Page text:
Glaucoma is the name for a group of eye conditions which cause damage to the optic nerve at the back of the eye. The naturally made fluid in the eye is unable to drain away properly which can result in a build up of pressure within the eye. The pressure is usually treated with eye drops. If the eye drops fail to reduce the pressure, damage to the optic nerve will cause permanent loss of sight. To lower the eye pressure a surgical procedure known as a Tube Shunt operation can be carried out.  Tube shunt operation is often chosen if Minimally Invasive Glaucoma Surgery or Trabeculectomy has failed or is likely to fail because the function of the operation is less dependent on the degree of scarring of the conjunctiva.

What is an aqueous tube shunt?

An aqueous shunt or tube is a tiny device that is used to decrease the pressure inside the eyes of people with high eye pressure or uncontrolled glaucoma (see photographs below). The device is put into the eye during an operation that allows excess aqueous humour (fluid inside the eye) to drain. Your surgeon will place a plate towards the back of your eye where it will form the small blister or ‘bleb’ where the fluid will drain to. You cannot see the bleb as it is too far back behind your eye to see. By draining away the excess fluid inside the eye, the amount of pressure within the eye is reduced. You can’t feel the bleb and tube, and you cannot feel the fluid flowing through them.

What happens during the operation?

The tube operation usually takes around 45 minutes under a local anaesthetic or 90 minutes under general anaesthetic. During the operation, your surgeon will insert a small silicon tube (less than 1 mm in diameter) into the front chamber of your eye. It is so small you would need a microscope to see it. To stop the tube from moving around and becoming exposed through the conjunctiva, your surgeon will stitch a patch made from donor eye tissue onto the surface of your eye, over the tube. The donor tissue comes from the transplant service after tests for infections.  Sometimes the surgeon may use a suture to stop too much fluid draining during the first few months. This means that your eye pressure could still be high until this suture has been removed.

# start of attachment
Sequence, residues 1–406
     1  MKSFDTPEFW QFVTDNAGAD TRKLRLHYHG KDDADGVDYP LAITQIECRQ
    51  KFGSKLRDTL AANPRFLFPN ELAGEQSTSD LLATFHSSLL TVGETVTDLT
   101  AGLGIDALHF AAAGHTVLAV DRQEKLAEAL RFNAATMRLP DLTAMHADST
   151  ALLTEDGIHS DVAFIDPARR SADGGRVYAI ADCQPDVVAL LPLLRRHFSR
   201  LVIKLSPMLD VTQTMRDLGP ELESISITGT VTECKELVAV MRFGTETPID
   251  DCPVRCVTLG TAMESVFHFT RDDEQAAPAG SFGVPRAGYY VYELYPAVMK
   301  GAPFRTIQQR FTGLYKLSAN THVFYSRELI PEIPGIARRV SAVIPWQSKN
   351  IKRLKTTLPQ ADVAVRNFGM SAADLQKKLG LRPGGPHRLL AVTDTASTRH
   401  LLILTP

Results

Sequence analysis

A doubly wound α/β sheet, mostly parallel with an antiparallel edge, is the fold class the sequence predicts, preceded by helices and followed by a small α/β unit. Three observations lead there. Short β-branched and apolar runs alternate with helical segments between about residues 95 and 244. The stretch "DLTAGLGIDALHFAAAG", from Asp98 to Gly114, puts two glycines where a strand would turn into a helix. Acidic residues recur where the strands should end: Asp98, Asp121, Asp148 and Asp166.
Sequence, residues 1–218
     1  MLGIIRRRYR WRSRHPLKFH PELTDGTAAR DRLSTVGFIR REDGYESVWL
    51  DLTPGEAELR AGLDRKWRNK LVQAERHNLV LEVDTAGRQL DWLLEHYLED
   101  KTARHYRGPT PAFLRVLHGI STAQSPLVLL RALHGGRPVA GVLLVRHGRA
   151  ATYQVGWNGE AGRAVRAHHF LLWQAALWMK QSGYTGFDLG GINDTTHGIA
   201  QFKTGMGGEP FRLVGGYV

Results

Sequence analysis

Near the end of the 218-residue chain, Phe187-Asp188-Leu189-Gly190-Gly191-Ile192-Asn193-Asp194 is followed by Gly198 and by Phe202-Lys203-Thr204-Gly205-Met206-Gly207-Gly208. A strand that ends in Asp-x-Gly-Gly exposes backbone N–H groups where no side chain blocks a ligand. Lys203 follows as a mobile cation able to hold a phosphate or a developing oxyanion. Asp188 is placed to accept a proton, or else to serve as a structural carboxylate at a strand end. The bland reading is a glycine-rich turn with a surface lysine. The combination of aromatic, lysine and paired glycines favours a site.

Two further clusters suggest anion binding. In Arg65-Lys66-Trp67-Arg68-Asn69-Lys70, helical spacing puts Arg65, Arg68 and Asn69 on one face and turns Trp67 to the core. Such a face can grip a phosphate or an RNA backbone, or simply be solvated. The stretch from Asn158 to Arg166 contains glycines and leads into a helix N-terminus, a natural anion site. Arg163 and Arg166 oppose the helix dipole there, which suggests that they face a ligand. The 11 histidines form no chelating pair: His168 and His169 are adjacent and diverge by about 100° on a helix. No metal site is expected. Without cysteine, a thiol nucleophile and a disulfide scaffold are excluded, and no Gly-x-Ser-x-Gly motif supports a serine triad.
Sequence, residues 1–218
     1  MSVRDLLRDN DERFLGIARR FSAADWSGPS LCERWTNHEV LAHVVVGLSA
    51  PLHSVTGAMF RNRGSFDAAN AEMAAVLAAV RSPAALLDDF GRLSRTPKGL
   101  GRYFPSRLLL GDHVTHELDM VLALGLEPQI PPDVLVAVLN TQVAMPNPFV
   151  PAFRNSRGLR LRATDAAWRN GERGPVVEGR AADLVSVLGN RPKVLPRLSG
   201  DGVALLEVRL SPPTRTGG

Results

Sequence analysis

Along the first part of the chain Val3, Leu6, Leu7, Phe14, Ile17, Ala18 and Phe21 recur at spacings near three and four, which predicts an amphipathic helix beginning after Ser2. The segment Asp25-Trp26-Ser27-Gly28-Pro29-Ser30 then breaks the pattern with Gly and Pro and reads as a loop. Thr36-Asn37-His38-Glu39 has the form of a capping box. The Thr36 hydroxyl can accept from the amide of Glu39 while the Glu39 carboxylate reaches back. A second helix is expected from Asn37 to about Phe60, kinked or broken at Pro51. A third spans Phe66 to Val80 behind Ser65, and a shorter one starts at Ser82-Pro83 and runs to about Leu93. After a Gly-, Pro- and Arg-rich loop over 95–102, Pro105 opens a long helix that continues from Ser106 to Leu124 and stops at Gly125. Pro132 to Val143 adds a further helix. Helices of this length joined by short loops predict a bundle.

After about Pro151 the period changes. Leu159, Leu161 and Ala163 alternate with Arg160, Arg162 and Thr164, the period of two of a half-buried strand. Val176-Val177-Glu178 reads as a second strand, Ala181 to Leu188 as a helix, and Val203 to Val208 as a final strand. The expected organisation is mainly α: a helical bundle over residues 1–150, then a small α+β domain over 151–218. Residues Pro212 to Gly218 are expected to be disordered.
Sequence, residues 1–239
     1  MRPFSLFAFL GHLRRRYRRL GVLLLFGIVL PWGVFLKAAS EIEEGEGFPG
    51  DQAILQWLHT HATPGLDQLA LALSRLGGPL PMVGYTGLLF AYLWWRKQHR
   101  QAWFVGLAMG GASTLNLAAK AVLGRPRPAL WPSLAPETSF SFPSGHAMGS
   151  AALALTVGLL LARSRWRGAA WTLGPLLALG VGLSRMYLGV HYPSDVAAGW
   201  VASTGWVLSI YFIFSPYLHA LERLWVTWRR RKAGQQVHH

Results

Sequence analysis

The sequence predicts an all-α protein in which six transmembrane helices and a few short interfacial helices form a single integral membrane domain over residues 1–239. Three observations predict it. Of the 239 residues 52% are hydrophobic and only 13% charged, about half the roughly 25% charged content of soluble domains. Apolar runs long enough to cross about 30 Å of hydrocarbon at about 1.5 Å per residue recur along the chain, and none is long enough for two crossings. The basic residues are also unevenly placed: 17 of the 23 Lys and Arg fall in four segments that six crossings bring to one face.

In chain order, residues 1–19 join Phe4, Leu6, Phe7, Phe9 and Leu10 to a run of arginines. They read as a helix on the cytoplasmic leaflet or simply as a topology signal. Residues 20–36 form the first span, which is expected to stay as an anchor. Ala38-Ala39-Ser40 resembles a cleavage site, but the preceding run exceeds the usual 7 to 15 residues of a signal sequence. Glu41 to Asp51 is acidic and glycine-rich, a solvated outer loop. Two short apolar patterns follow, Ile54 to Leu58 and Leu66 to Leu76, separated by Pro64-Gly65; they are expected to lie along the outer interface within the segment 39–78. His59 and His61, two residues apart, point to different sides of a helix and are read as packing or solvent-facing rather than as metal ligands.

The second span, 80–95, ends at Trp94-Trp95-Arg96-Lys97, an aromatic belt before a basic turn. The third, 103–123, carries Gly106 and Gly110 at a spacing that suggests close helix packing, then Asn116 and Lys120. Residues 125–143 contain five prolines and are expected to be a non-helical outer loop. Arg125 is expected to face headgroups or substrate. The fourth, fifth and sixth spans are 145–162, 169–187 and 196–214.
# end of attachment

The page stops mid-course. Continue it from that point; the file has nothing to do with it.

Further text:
What do I need to do to prepare for the operation?

You will attend the day ward for approximately a whole day so that we can prepare you for and perform the operation, then observe you afterwards. Sometimes you may need to stay overnight. The treatment will take place in one of our theatres. The operation can be performed under local anaesthetic (where the eye is numbed) or general anaesthetic (you will be asleep). The type of anaesthetic used depends on the surgeon and the patient, and we will discuss this with you. This means that you will have to follow special instructions before you come into hospital. The nurses in the pre-assessment clinic will advise you of any special instructions you need to follow. 

What are the risks?

Some of the risks involved are:

• Bleeding

• Infection

• Inflammation

• For a period of time pressure in the eye may become too high or too low.  If eye pressure is too high, your surgeon will help you reduce pressure with adjustment or removal of stiches.  If eye pressure is too low (<5 mmHg), then often your surgeon would manage with conservative methods first but occasionally will require return to theatre for injection of a material that can improve eye pressure.  

• In some cases a cataract may develop (~10%). This can be treated by an operation if necessary.

• Serious complications are rare, but very rarely the sight can get worse after the operation and not recover especially in the setting of advanced glaucoma.